Customer Reviews 3 item(s)
- Beautiful looking.
Once I got the scope out of the packaging, my jaw dropped. It's a stunning piece of work. White trim with a deep clear coat with sparkling black finish. Fit and finish is very good. I would give it a 5 star rating for ease of use, but collimating the scope was and is an issue. I can collimate a dob in two minutes easy. I even bought a Hotech laser for it and my 10 " Schmidt Newtonian. After ten minutes or more and multiple times, I have yet to be able to get the laser point in the middle of the donut. It gets right on the donut ring and jumps off. I got it aligned the best I could. Gave it first light and still was impressed with the view. M57 was stunning. M15 was very nice. Saturn was pretty good and I'm betting it too would be stunning had I been able to collimate it correctly. Maybe some knobs from Bob's Knob's will help? Not giving up. It's a beautiful scope and is going to my granddaughter as a gift. Since nothing was said by the other two (at this time) I assume they have no issues with this subject. I would still recomend it. It will Collimate, it may just need breaking in. Oh, and the focuser is smooth and easy to use. Having used Dobs from other manufacurers in the aproximate price range, their focusers are occasionally not as smooth and are quite clunky on some scopes.
1= Houston, We Have a Problem & 5= It's Out of This World
- Quality Throughout
I'm fairly new to astronomy, so this isn't a review of optical quality. I have little viewinbg experience to use to rate the optics. Obviously, the views at first light were breathtaking compared to the 80mm refractor I started with.
I was most impressed with the packaging. The boards of the base weren't just wadded in place w/ peanuts, they were secured with carefully cut cardboard, and covered w/ dense thin foam to prevent scratches.
All the parts were individually bagged in groups according to when they were needed during assembly. The supplied tools were up to the task and I did not need anything else to complete the base assembly in less than 25 minutes.
One thing was missing: the three screws to hold the eyepiece holder. Easily fixed from my backup stock. Oh, and it would be nice if the manual came in the package. I found it on line and DL'd it, but would have preferred to have a quality copy.
The OTA is beautiful, no scratches, shiny and very solid feeling. I had wondered just how sturdy the supports would be when extended, but I can see no wobble between the top and the bottom, even if handled a bit roughly.
Did a rough check on collimation and it seemed close. I'll check it more closely when I go out for a full night of viewing. I suspect, if handled carefully, collimation should be a snap and alignment may survive several trips.
I own a very small Geo Tracker with the back seat taken out. The OTA fits snugly from front to rear, sitting on two of the foam blocks that came in the packaging. The base sits beside it, and there is still room for my observing chair and my plastic gun-case in which I carry eyepieces, flashlights, compass, etc.
A lot of careful engineering and attention to quality during manufacturing went into this package. I would definitely recommend this scope to other serious beginners. Save your money don't buy a little cheap department store scope. Invest in your hobby and get something you won't outgrow in a month.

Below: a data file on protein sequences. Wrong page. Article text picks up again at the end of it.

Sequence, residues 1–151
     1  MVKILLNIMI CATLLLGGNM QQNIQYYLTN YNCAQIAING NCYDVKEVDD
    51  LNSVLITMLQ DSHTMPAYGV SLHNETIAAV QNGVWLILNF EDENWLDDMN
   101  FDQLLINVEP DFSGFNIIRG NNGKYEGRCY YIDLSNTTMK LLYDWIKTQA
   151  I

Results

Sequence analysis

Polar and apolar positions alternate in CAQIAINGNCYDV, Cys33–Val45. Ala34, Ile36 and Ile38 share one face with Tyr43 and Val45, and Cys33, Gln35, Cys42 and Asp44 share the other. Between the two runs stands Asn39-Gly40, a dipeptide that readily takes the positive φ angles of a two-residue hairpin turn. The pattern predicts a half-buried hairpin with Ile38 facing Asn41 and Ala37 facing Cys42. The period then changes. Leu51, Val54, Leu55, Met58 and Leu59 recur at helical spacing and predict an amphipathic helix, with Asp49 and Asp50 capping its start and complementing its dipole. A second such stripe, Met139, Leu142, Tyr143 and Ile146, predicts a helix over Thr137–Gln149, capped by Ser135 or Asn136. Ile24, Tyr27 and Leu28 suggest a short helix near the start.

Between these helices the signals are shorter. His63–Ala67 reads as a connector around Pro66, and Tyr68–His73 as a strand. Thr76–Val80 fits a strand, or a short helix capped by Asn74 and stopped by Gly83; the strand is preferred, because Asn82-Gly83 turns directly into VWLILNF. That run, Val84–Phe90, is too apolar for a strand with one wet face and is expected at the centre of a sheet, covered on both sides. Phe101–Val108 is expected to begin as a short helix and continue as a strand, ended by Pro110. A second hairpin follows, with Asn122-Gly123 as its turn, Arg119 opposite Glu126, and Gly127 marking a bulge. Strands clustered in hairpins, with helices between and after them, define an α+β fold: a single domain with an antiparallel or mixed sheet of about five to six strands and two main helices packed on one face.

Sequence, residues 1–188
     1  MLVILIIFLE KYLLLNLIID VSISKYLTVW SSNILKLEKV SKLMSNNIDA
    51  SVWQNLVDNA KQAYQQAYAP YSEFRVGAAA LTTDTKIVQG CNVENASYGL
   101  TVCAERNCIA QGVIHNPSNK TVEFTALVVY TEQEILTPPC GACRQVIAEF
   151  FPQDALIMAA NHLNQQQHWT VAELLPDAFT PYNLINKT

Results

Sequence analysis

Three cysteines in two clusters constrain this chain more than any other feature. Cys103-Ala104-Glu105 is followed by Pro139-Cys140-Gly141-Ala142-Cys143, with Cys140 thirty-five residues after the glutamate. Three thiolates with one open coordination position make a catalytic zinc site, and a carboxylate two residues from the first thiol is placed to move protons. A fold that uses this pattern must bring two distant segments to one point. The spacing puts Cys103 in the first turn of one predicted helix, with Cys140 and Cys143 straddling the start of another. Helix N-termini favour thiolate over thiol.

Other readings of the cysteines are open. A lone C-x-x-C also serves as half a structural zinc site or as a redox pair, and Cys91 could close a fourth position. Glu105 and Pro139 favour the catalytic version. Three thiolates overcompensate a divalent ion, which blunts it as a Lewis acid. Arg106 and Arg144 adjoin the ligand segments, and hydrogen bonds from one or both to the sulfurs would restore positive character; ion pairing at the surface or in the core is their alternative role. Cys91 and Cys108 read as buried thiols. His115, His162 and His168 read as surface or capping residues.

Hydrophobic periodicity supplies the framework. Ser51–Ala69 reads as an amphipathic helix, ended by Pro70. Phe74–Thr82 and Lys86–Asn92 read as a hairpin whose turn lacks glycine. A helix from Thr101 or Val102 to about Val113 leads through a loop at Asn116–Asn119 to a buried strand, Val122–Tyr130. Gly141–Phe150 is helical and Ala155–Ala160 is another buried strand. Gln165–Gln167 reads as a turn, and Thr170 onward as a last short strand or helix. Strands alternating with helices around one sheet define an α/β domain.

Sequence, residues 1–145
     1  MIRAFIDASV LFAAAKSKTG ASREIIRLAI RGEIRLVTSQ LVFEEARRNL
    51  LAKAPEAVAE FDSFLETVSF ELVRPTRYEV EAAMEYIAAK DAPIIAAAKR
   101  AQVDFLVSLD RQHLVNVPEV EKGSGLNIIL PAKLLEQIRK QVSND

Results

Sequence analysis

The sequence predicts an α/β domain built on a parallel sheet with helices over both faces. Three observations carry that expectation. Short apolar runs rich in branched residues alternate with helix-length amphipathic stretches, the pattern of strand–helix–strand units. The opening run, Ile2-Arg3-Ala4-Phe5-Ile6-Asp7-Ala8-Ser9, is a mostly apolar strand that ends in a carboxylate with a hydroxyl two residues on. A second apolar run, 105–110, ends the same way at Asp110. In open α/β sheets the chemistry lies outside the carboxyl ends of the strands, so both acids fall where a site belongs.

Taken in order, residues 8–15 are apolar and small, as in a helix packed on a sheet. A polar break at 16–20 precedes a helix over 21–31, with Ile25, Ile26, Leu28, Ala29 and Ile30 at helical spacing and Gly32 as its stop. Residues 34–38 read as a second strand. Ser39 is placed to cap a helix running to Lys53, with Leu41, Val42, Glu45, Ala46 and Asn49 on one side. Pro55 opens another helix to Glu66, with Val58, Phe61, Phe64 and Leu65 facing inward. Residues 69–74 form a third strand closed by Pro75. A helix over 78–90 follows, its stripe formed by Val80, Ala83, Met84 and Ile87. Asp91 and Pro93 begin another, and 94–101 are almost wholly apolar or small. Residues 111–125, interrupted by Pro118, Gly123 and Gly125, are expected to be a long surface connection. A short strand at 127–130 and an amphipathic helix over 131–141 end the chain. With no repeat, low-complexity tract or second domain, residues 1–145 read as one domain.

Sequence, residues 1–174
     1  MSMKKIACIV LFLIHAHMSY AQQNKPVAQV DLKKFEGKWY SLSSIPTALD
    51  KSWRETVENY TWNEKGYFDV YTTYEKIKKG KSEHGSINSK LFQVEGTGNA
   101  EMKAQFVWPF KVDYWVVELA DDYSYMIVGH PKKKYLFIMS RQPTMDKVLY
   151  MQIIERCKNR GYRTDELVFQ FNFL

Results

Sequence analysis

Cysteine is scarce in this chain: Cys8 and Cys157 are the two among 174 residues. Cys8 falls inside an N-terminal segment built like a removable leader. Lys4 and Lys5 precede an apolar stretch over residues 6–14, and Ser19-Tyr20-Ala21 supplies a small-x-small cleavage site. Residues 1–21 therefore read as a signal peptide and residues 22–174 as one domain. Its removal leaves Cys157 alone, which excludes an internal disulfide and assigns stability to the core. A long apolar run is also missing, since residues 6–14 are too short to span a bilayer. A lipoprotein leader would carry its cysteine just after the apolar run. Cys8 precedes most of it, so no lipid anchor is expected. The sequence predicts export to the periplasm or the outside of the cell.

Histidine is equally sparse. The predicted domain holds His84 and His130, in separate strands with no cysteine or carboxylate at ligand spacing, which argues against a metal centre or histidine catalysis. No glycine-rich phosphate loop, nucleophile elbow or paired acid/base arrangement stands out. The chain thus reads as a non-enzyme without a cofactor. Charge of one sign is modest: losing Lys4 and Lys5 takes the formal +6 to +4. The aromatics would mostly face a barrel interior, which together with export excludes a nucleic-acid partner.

1= Houston, We Have a Problem & 5= It's Out of This World
- Very good optics
I was told by the nice people at OPT that this isn't a planetary scope, but I beg to differ: provided collimation is done right and the mirror is thermally stabilized, it puts up razor sharp planetary views, better than I've seen in refractors costing 8X as much.
There's very little to criticize for the price except that there's a little more stiction in the bearings than I would like. Otherwise it feels like a well-built scope, and the optical performance is very, very good.
1= Houston, We Have a Problem & 5= It's Out of This World
- Included Items
- 10" f/5 Dobsonian Telescope
- 8 x 50 RA Finderscope & Bracket
- 2" Crayford Focuser
- 1.25" Adapter
- 10mm Plossl Eyepiece (1.25")
- 25mm Plossl Eyepiece (1.25")
- Dust Cover
- Eyepiece Tray
- Questions & Answers
Product QuestionsQuestion by: hema on Sep 18, 2014 6:33:48 PMQuestion by: Paul Kamps on Jan 21, 2016 6:18:00 AMOn a 10" f/5 collapsible Dobsonian, you will likely need to check collimation whenever the scope is moved by car or at least once every month or two. With practice and a good laser collimator, you can have both mirrors aligned within about 5-10 minutes - less time than it takes the primary mirror to cool down after being moved from a wark house or vehicle to the outside air.Answer by: Chris Hendren (Admin) on Jan 21, 2016 10:15:00 AMHi there
Will I need to buy a Barlow lens for this?
If so, do celestron eye pieces fit?
Question by: Fred on Mar 4, 2015 7:53:00 PMA barlow is not a requirement for a scope like this, but they are very useful to give you lots of magnification options if you do not have a lot of eyepieces. You can use 1.25" or 2" eyepieces from any manufacturer with this scope, including Celestron.Answer by: Chris Hendren (Admin) on Mar 11, 2015 5:52:00 PMOn the collapsible truss, there are 2 sets of holes. One set at full extended and the other at half extended. What is the purpose of the half extended holes?Question by: Russell Camp on Nov 13, 2015 7:21:00 AMHi Russell,
I was unable to find out the reason for the second set of holes but my best guess is that when
you ramp the tube down to the second set of holes, that pushes the focus out to the point that you can
come to focus with a camera attached to the scope. Having said that, you can take a picture of
the moon, because it's bright enough to take a photo with a relatively short exposure. Any other
longer exposures, you would have to mount the scope on an equatorial mount.
SteveAnswer by: Steve Thornton (Admin) on Nov 13, 2015 2:37:00 PM